Mile 10-11:  Exiting the Presidio Park: still walking through San Francisco neighborhoods, still with a nagging cramp in my arch.  Each time I saw the first aid station, I considered stopping – for potential blisters and for the arch cramp.  But each time, I walked past the aid station thinking I could push through to the next one & if the pain worsened, I would stop.  This is also where I found the 2nd hill.  Although the grade seemed reasonable, it went on for blocks and blocks.  The mental tantrum grew louder.  Add in my nagging disappointment.

Mile 12-13.1:  Each time a TNT coach walked with me during the course, they asked how I was feeling.  Each time my response, “I just want this to be over.”  The mental tantrum was louder now and I have conveniently forgotten most of it.  From the beginning of the season, I knew I would cry at the finish line.  I was so mad, I didn’t even think about the miles I had run/walked.  I was grateful it was over.  I picked up my finisher necklace, checked in at the TNT tent, ran into my teammates (who were all ecstatic – do you know how frustrating it is to be in a foul mood when everyone is cheerleader happy?) and picked up my lunch.  As my teammates cheered people into the finish, I grabbed the shuttle back to the hotel.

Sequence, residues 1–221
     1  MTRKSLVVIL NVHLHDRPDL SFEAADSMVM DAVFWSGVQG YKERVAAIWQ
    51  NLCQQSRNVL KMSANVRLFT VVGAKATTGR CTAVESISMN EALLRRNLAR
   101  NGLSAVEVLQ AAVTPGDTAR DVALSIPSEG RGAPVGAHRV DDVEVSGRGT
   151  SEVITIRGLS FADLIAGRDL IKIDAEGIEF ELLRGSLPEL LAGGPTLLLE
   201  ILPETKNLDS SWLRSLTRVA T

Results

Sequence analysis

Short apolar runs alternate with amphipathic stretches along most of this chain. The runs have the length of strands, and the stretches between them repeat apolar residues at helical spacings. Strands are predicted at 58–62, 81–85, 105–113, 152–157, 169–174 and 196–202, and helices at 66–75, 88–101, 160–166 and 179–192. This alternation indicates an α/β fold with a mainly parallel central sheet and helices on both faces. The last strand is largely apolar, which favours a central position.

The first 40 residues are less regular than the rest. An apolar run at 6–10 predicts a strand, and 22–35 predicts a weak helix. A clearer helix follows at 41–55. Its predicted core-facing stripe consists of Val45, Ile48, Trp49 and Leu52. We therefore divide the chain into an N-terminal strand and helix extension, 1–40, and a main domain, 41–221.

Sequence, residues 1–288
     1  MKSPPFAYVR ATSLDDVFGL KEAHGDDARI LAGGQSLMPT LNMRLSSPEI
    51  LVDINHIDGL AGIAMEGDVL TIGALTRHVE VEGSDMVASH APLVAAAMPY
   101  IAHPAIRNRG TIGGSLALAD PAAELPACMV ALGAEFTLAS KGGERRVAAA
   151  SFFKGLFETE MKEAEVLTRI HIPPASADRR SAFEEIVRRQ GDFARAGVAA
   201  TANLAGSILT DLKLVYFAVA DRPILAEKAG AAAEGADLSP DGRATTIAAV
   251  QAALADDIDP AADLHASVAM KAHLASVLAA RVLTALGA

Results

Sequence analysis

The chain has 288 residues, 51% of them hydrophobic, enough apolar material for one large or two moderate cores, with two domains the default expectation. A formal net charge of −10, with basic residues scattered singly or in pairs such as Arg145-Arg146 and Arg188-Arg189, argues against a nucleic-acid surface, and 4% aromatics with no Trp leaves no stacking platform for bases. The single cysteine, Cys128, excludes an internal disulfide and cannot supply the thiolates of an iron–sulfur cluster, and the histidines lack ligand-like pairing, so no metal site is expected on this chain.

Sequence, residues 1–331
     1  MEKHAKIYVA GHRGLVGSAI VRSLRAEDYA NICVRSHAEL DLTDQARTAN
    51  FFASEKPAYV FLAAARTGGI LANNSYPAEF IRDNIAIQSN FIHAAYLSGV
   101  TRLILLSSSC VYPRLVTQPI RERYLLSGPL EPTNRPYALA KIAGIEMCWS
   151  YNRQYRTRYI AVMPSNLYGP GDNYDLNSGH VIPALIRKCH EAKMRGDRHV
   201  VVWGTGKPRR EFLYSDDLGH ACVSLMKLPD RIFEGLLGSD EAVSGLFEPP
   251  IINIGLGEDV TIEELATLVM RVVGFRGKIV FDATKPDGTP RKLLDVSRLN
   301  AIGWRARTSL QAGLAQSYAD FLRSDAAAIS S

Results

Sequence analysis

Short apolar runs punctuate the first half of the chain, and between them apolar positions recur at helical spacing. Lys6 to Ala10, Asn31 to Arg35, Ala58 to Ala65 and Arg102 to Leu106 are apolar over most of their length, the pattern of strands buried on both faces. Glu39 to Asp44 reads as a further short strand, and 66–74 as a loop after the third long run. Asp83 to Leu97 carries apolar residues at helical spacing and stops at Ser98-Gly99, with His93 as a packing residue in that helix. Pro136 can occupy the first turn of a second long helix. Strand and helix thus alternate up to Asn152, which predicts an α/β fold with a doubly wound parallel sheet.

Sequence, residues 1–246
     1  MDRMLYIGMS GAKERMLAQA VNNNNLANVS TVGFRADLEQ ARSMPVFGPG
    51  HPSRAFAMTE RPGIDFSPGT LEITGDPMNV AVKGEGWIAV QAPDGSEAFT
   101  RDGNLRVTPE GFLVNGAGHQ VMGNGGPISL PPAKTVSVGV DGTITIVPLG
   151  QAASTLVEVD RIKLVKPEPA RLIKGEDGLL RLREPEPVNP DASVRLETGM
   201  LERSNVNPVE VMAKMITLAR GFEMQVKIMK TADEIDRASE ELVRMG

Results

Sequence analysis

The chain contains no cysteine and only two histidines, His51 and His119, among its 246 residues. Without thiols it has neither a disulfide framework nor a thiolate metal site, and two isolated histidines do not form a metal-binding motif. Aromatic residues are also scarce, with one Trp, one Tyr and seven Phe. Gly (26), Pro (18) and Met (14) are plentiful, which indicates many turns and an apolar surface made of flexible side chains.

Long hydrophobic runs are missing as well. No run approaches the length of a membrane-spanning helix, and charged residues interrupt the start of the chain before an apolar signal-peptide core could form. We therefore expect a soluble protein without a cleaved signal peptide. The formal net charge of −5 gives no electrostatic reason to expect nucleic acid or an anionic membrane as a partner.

Sunday “pity party”: I know I am hard on myself.  I didn’t accomplish the three goals I set up (not mentioned above) before the race.  I was mad with my time.  I was mad that I had run 11 miles three weeks prior to the race and I couldn’t get past 6-7 on this course.  I was mad I didn’t run after walking up the 1st big hill.  There was a lot of disappointment too.  *This is where people insert the pep talk.  Sometimes I need the pity party.  Because usually this happens…

Monday:  As other people’s stories were shared, I realized I wasn’t the only one who struggled.  One of our hardcore runners said this was the second hardest course he had ever run.  Another teammate was found sitting at mile 16, tears streaming down her face.   Another teammate ran/walked with her to get her to the finish line and in the process was turned around to head toward the finish line, but meant she wouldn’t complete the full marathon.  Another teammate was the last to cross the finish line, seconds later, she would have been swept up and driven to the end.  Not that other’s struggles made me feel better but I did feel like I was not alone in the struggle.

Tuesday:  After the pity party, I am usually in fix-it mode.  How do I make this better for the next race?  What did I learn?  I realized each first race at a new distance, I have had a similar experience: the anger followed by a steel resolve.  My first races have been awful; my performance not up to my standards/expectations.  But as I kept working on it, the subsequent race performances were much improved.  Lessons learned may follow later – this is already too long!

There you have it: the leave nothing out race recap.  Last but not least… the as-flattering-as-it-gets race photos.

running across the finish line...(there is a smile - b/c I was so happy to be FINISHED!!)

steps past the finish line...